For whom is parting with possessions more painful? cultural differences in the endowment effect

  • Maddux W
  • Yang H
  • Falk C
 et al. 
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Abstract

The endowment effect—the tendency for owners (potential sellers) to value objects more than potential buyers do—is among the most widely studied judgment and decision-making phenomena. However, the current research is the first to explore whether the effect varies across cultures. Given previously demonstrated cultural differences in self-construals and self-enhancement, we predicted a smaller endowment effect for East Asians compared with Westerners. Two studies involving buyers and sellers of a coffee mug (Study 1a) and a box of chocolates (Study 1b) supported this prediction. Study 2 conceptually replicated this cultural difference by experimentally manipulating independent and interdependent self-construals. Finally, Study 3 provided evidence for an underlying self-enhancement mechanism: Cultural differences emerged when self-object associations were made salient, but disappeared when self-object associations were minimized. Thus, the endowment effect may be influenced by the degree to which independence and self-enhancement (vs. interdependence and self-criticism) are culturally valued or normative.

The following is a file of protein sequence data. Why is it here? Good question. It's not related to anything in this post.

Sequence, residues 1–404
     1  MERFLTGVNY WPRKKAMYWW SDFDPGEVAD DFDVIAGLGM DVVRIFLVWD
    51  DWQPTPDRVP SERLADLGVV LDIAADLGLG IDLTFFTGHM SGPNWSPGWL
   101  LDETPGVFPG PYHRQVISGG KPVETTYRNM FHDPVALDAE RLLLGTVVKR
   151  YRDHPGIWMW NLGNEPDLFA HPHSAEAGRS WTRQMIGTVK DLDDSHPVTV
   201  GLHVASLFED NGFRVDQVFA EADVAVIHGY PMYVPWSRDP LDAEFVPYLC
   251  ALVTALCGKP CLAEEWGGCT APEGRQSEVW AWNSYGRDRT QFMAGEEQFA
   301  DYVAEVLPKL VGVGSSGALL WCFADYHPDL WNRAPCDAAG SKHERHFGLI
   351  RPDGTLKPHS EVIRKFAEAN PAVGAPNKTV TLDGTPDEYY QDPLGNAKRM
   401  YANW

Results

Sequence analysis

Author-supplied keywords

  • culture
  • decision making
  • endowment effect
  • self-construal
  • self-enhancement

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